Date / Venue: Friday October 26th, 2018 - Max Watts, Melbourne
One could have been forgiven for thinking that there was a funeral in the bows of Max Watts in Melbourne last night. The crowd queuing along the street was in all their finest black mourning clothes.
But none were queuing to mourn, instead the opposite. We were all here to celebrate the man that has often been given the title of ‘Godfather of Goth,’ Peter Murphy. The anticipation was palpable – Murphy, along with his band, was set to play the first Bauhaus album In The Flat Field, marking its 40th anniversary, in full.
Local act Venetian Blinds (made up from members of Bitch Diesel and Liam Linley and the Louvers) opened the evening, playing their self-described ‘music for vampires to drive to’ to the steadily filling room. Their slightly ethereal sound was perfect for the night, and the crowd swayed and cheered as they finished their set. They have currently only released one single, but they’re definitely worth keeping an eye on.
Venetian Blinds were followed by Bitumen, another local act, and their powerful post-industrial sound effortlessly engulfed the room. Singer Kate Binning stalked the stage as the band played, occasionally screaming directly at the front row, who happily danced and gestured right back at her. By the end of their almost too short set Max Watts was packed tight, and the audience not so patiently awaiting the main act.
The room went dark, voices briefly hushed and then erupted as Marc Slutsky (drums) Mark Gemini Thwaite (guitar), and the original Bauhaus member David J (bass) took their positions on stage, clearly enjoying the riotous applause from the crowd which only got louder as Peter Murphy emerged from the shadows, a black coat dramatically spinning around him.
Barely a second was taken before they launched headfirst into Double Dare. Murphy’s baritone is just as strong as it ever was, the frontman moving from side to side of the stage, throwing his body into the music and interacting with his devoted audience.
The songs followed each other quickly with barely a pause between them, the band giving the audience everything they had. As Murphy sung and danced,contouring his body to the sinuous music, David J commanded his own side of the stage with dark sunglasses that never left his face, Bass slung low as he slowly strolled in loose circles.
In The Flat Field is a remarkable album that combines a breadth of different sounds and moods to create a dark, writhing creature that truly came to life on the Max Watts stage, the audience devouring it all. Many had waited a lifetime to see the album played like this and they certainly did not disappoint.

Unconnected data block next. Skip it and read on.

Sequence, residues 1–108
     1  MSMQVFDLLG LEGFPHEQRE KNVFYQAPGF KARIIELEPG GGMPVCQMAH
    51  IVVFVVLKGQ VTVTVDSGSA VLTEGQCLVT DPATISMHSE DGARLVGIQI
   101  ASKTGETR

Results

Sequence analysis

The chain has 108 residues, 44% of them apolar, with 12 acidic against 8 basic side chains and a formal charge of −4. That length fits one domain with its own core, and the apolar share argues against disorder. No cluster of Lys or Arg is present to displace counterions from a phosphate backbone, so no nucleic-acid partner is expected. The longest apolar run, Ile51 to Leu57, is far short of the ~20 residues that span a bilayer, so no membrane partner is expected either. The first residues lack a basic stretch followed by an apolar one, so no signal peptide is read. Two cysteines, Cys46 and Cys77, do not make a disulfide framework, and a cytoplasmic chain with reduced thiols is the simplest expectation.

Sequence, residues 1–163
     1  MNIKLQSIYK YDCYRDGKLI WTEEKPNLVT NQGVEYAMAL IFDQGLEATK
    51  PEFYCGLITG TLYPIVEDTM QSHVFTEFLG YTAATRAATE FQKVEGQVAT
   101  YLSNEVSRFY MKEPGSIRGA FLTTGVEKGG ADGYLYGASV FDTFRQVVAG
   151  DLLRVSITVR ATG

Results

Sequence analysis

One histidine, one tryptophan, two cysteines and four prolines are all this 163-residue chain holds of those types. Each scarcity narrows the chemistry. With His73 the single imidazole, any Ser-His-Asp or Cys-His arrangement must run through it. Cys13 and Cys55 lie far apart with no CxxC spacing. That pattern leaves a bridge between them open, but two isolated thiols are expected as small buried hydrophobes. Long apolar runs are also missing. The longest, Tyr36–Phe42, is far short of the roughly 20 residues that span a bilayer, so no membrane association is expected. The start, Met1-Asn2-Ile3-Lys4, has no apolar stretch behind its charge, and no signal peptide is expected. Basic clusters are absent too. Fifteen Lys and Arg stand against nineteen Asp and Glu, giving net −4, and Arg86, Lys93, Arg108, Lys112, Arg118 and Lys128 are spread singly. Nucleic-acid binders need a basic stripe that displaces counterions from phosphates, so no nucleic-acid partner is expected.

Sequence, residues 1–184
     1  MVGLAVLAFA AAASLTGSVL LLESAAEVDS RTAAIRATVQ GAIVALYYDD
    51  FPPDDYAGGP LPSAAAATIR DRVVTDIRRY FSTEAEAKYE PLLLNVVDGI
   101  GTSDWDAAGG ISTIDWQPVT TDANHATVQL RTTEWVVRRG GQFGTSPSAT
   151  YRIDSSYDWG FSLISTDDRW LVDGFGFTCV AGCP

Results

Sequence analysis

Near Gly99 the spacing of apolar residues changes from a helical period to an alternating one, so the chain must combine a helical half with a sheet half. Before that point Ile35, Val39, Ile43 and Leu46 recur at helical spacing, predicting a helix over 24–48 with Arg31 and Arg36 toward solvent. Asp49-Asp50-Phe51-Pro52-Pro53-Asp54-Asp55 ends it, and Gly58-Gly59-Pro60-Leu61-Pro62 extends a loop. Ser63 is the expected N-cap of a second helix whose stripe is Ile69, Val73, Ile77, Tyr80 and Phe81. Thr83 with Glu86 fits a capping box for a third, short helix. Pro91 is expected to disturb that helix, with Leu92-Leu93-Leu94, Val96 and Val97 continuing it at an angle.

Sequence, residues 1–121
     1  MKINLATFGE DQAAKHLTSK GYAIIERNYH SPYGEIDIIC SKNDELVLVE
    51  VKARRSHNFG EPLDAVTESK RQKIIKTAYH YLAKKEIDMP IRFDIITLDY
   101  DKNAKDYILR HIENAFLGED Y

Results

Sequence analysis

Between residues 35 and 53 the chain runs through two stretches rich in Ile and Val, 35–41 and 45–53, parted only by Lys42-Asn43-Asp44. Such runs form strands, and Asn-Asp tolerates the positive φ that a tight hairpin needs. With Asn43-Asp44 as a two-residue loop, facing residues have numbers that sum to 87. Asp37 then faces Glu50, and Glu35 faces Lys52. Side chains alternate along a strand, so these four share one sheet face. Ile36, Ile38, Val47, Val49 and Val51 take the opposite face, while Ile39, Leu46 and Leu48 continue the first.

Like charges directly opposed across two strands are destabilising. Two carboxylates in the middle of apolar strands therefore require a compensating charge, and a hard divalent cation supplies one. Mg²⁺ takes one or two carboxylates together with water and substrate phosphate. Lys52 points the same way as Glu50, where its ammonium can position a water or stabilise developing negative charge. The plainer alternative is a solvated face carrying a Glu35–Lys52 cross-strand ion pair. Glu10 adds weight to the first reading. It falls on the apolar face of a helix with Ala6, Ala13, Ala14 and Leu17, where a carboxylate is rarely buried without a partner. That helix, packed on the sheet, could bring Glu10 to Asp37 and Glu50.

Stigmata Matyrwas met with unsurprising cheers and a small pit of bodies formed in the center of the crowd, the audience feeding off the emotions in the room. Nerves closed the first portion of the set, Murphy and Co. slinking off stage as the audience clambered for more.
We didn’t have to wait long, Murphy emerging in a red scarf to play a glorious rendition of Burning from the Inside, once again giving himself over to the theatrics of the night.
Murphy was clearly in a good-humored mood, occasionally sharing his sharp wit with the audience and at one point telling us all that his son was there helping them, making the tour a family event.
A long, bat-like cape was donned for the classic Bela Lugosi’s Dead and Murphy used it to its full dramatic capabilities, spinning it as the audience chanted “Undead, undead, undead” right back at him in time. You could almost feel the floor moving as we all danced to what is most likely the most beloved Bauhaus song.
Barely giving the audience a second to recover while Murphy once again changed outfits (this time into a shorter black jacket from the original one at the beginning of the night) before launching into She’s in Parties, Murphy giving us his all with intricate footwork and voice.
The main set was finished with a riotous Dark Entries, the band quickly returning for a searing encore of Severance, a Dead Can Dance cover that Murphy has been playing live for years before they once again left the stage, thanking the crowd.
The audience however wasn’t content with just one encore, cheers and shouts soon summoning the men back to us where they truly delivered, playing covers of T. Rex’s Telegram Sam and Bowie’s Ziggy Stardust, ending a truly fantastic night on a high note, everyone dancing and singing the lyrics back at the stage.
As the crowd slowly made their way up the stairs leaving the venue, dazed and euphoric, it was clear that while Bela Lugosi may be dead Melbourne’s love for Peter Murphy surely isn’t.
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